The 32-year-old boss isn’t going to take the risk to rip up all the work he has already done.
During their unbeaten league season, the Citizens midfield consisted of, once fit, teenager Keira Walsh plays the anchor role. She is the Sergio Busquets of the women’s game.
To her right is England international Jill Scott, they rely on her strong runs and ability to burst from box-to-box. Then, there’s 2016 PFA Players’ Player of the Year, Isobel Christiansen. Best likened to Paul Scholes at Manchester United, she’s full of energy and has an uncanny knack of arriving in the box at the perfect moment.
Jane Ross joined the club last season and quickly showed her credentials in adding a killer instinct in the City attack. She is a traditional No.9 and finished as the champions top goal-scorer.
World Cup winner ✔️
2 Times FIFA Women’s Player of the Year ✔️
Double Olympic Gold Champion ✔️
— Man City Women (@ManCityWomen) February 15, 2017
On the wings, they look for the speed and trickery of Nikita Parris, Kosovare Asllani or Toni Duggan. Plus, they have the exceptional talent of teenager Georgia Stanway. She has the talent to be as good as she wants to be.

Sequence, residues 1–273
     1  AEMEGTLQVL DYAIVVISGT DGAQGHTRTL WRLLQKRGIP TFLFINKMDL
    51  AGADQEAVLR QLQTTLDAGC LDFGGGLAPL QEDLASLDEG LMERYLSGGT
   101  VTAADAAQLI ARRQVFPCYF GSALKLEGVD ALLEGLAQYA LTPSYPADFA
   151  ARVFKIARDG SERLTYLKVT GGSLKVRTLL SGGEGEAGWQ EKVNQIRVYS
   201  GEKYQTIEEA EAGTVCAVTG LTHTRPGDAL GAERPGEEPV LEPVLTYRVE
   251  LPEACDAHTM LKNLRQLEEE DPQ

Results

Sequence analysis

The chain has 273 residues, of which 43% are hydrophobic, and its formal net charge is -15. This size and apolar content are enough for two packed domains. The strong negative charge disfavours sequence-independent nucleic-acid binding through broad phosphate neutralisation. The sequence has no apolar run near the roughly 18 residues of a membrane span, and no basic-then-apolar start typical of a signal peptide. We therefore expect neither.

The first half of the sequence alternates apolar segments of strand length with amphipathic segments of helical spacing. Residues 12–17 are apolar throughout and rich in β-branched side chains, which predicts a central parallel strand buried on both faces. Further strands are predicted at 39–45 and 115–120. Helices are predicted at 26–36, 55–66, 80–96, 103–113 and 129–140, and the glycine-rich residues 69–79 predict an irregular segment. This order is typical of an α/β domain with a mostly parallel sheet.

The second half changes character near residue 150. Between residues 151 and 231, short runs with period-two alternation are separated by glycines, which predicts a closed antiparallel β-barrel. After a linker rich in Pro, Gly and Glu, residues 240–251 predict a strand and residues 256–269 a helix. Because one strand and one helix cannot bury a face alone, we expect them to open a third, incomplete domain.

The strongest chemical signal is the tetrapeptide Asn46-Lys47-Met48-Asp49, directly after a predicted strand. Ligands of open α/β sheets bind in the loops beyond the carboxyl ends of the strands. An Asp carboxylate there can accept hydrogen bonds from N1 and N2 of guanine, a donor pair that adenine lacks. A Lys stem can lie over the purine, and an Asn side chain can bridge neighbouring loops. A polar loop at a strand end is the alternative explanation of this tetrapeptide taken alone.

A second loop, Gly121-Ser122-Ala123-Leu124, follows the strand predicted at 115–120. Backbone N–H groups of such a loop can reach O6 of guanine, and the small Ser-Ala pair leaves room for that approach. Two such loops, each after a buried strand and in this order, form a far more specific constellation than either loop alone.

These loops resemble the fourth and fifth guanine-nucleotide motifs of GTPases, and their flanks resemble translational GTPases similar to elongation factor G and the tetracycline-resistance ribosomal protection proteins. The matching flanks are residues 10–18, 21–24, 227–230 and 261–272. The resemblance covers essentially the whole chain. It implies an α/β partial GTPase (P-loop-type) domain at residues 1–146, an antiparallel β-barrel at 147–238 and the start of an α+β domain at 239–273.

In the meantime, something has to give for Lloyd to find her place in this team. Christiansen is the most likely casualty.
So 2016 may not have been her best year but she has the energy to come off the bench and add a spark. The 4-3-3 formation could quickly become 4-2-3-1, or 4-4-1-1 with Lloyd playing behind the striker, just like she did for the USA.
The worry comes defensively, either City’s wide players are great defensively, plus, playing with a flat four negates the space that their full-backs are given in the normal system.